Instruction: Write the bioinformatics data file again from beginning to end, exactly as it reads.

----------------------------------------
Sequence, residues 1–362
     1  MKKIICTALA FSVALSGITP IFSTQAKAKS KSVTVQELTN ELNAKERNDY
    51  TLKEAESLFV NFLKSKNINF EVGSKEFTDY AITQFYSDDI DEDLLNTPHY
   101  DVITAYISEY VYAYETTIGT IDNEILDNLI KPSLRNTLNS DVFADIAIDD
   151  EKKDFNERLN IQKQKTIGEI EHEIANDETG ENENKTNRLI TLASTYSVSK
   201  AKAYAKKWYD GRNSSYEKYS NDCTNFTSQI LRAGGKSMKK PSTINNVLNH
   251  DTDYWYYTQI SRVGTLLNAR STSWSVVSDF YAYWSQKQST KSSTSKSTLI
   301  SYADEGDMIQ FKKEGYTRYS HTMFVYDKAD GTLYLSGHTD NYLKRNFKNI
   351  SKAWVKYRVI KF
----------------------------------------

Sequence, residues 1–362
     1  MKKIICTALA FSVALSGITP IFSTQAKAKS KSVTVQELTN ELNAKERNDY
    51  TLKEAESLFV NFLKSKNINF EVGSKEFTDY AITQFYSDDI DEDLLNTPHY
   101  DVITAYISEY VYAYETTIGT IDNEILDNLI KPSLRNTLNS DVFADIAIDD
   151  EKKDFNERLN IQKQKTIGEI EHEIANDETG ENENKTNRLI TLASTYSVSK
   201  AKAYAKKWYD GRNSSYEKYS NDCTNFTSQI LRAGGKSMKK PSTINNVLNH
   251  DTDYWYYTQI SRVGTLLNAR STSWSVVSDF YAYWSQKQST KSSTSKSTLI
   301  SYADEGDMIQ FKKEGYTRYS HTMFVYDKAD GTLYLSGHTD NYLKRNFKNI
   351  SKAWVKYRVI KF